Among Cecilia González Herrera’s earliest memories is the successive closure of independent television channels and newspapers that existed in her country, Venezuela, when she was born in February 1999.
By the time she decided to study journalism at the age of 16, many independent media organizations had been closed or taken over by the government.
From a very young age, Cecilia saw the avenues of freedom of expression, political and personal freedom being closed in her native country and when she finished her secondary education she decided on journalism studies in the capital, Caracas.
“I thought it would be the only way to do politics without being a politician, to exercise a right to express oneself,” the young woman said.
Her mother, a political scientist by profession, warned her not to get involved in the student movement that at the time was leading the opposition against the government of Hugo Chávez.
But that warning was in vain. “You can’t go against who you are,” she says. Moreover, when she arrived at the university in 2016, the student protest movement was in full swing and would only intensify the following year, when student Juan Pablo Pernalete was killed by a National Guard during one of these demonstrations.
Cecilia participated in numerous protests during that one year she would study journalism in Venezuela, finishing two semesters and eventually moving with her family to the United States, when it was clear that her activism was a threat to her life.
“My mom told me, in Venezuela there is no future for you, especially if you want to do political activism, we are leaving here,” recalls the young woman, now 22 years old and a resident of Florida.
It has only been five years since that change, and Cecilia has learned English, has become active in local politics in the Kissimmee area, where she now lives, and has advocated for the Venezuelan diaspora along with others, to obtain Temporary Protected Status for Venezuelans (TPS).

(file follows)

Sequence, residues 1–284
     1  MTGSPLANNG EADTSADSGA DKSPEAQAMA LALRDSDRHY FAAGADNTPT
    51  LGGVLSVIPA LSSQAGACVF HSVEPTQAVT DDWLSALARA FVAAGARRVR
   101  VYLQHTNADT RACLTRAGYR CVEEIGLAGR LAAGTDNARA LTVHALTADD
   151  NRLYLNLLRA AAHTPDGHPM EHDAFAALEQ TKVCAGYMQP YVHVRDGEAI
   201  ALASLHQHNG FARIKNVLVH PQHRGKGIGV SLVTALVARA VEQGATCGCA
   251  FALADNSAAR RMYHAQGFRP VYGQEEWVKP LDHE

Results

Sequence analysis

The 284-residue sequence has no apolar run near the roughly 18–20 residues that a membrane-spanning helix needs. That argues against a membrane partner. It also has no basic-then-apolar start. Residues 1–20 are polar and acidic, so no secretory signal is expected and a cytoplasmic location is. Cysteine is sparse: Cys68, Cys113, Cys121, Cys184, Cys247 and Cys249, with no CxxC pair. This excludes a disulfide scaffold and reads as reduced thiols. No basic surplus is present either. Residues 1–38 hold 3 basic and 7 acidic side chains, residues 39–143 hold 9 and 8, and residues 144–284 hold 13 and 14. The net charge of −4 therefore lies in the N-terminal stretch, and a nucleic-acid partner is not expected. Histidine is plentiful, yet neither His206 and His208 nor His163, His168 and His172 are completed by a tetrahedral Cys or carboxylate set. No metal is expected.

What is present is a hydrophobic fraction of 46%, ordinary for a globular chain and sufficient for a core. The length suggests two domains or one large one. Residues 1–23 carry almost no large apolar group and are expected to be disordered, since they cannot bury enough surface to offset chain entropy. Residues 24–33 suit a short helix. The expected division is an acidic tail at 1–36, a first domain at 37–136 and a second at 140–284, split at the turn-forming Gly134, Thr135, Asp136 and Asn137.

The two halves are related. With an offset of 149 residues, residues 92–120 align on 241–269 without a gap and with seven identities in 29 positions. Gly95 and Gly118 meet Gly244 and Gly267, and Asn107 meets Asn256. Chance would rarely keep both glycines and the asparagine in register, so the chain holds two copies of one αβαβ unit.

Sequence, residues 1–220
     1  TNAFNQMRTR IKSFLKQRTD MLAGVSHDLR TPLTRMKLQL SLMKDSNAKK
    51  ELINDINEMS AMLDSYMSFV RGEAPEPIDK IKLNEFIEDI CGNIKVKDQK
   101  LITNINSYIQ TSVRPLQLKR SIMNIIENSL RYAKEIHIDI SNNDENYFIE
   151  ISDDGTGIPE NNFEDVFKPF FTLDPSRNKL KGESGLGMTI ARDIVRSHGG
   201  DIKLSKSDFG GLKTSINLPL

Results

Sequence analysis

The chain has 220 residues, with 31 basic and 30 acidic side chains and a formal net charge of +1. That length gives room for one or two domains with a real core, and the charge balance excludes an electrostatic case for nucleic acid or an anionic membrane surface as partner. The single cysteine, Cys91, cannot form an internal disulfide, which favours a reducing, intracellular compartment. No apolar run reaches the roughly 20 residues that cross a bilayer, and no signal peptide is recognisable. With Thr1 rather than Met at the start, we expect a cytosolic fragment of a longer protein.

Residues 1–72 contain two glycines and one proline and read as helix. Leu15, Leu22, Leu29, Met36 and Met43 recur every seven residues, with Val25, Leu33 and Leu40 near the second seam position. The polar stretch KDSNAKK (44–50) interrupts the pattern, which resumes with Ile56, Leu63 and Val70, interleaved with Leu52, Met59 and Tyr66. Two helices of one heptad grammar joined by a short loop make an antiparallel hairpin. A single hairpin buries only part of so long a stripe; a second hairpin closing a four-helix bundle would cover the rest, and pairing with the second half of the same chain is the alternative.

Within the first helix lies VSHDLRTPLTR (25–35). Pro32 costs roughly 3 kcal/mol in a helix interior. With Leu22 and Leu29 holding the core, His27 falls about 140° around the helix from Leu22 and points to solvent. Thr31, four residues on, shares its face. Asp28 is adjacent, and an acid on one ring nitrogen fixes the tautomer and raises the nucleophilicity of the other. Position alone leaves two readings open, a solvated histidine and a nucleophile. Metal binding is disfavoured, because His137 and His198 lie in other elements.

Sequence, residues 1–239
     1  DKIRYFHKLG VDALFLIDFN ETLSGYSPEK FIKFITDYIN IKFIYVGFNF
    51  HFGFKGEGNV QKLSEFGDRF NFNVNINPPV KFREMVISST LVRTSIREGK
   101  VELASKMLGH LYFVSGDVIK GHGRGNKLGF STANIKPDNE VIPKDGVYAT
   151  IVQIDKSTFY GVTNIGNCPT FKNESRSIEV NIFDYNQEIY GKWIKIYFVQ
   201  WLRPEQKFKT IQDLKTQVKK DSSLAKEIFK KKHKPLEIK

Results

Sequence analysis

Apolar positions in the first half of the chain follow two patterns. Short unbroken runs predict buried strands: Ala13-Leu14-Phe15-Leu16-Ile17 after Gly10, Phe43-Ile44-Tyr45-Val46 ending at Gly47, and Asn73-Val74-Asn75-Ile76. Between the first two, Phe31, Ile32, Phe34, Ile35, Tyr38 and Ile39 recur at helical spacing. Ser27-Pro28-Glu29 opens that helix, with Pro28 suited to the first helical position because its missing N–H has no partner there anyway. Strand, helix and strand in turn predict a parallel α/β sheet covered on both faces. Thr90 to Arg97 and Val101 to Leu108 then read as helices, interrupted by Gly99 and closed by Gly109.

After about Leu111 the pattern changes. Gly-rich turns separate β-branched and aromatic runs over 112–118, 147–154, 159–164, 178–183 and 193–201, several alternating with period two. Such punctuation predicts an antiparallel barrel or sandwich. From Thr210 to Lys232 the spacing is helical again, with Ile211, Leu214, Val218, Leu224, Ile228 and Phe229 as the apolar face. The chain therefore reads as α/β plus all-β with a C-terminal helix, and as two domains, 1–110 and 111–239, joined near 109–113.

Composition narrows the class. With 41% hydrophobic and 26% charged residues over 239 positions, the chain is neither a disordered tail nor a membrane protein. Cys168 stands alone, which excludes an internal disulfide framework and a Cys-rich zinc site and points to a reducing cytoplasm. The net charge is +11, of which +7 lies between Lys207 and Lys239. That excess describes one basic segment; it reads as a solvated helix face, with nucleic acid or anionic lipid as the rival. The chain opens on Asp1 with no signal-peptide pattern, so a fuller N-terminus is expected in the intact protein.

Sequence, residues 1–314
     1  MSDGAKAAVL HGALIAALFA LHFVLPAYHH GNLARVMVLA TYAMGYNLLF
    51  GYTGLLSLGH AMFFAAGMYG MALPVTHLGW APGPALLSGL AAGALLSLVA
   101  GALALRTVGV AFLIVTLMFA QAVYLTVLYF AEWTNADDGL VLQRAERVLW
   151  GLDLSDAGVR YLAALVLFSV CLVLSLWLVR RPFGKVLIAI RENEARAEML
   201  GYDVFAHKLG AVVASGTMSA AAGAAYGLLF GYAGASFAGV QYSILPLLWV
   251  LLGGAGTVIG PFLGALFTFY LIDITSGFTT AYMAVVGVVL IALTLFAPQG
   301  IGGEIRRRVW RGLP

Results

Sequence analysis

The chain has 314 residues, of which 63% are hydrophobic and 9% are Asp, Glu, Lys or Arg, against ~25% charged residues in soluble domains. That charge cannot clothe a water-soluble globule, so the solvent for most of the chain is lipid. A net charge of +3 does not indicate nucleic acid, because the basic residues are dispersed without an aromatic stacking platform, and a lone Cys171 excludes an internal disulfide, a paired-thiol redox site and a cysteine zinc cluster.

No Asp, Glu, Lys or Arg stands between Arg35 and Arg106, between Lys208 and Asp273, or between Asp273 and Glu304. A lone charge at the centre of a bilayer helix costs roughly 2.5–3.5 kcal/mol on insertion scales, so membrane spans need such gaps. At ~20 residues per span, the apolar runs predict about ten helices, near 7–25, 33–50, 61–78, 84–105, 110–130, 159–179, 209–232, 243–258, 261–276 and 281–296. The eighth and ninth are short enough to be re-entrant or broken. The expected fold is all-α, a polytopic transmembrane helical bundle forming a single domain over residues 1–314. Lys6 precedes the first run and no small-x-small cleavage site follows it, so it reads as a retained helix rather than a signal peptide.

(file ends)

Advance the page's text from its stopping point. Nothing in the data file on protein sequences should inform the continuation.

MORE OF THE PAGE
She also founded with some friends, a group of young Venezuelans “for those who want to do social activism”.
“Living here I understood that we live in this community and that what happens here affects us”, explains the young woman, who in addition to learning English, recently finished community college and is about to start Political Science. All this while she awaits the legal resolution of her asylum case.
Her mother, who was trained as a political scientist and had a small business in Venezuela, now works at Walmart and makes Venezuelan food for sale in Kissimmee, Florida.
Cecilia has been active in the cause for a fair redistricting after the 2020 Census in the United States.
“As a community member in Osceola County, Florida, I have seen the impact of the lack of representation we have. I moved here 4 years ago and quickly realized that Latinos have no voice in government. Even with some Latinos in office, we are excluded from the decision-making process,” she says.
Although in Florida there are many Latino representatives, she says, “being well represented does not mean having a politician with a Hispanic surname, it means having someone who understands what the community is going through, who is close to it”.
Ideologically, Cecilia leans towards the Democratic Party, and that has earned criticism from some Venezuelan exiles who are followers of Trumpism, but the young woman, amid her pro-immigrant and pro-LGBT activism, feels more identified with the Democrats.
Recently, Cecilia participated in some redistricting hearings, and publicly criticized the attitude of a commissioner who prevented a citizen from testifying in Spanish during a meeting in Osceola County.
“He said English is the official language, which is not true. This county is over 52% Latino, the real question is what are our representatives doing to better understand us,” he notes. “We want to be part of the decision-making process.”
Cecilia has worked on local political campaigns and is interested in environmental issues. In 2020, she got involved on behalf of the Biden-Harris campaign.
“I know I won’t be able to go back to Venezuela for a long time,” she says. “But that doesn’t stop me from helping where I can. However, I think you get involved where you are.”
Her immediate priority, besides starting college, is to advocate for immigration reform but her future, she says, is in public service.
“I want to be in a public service position where Latinos haven’t arrived yet,” she explains. “We need more diversity, more women, more color in those boardrooms and making decisions for our own generation. Young people, with a fresh perspective.”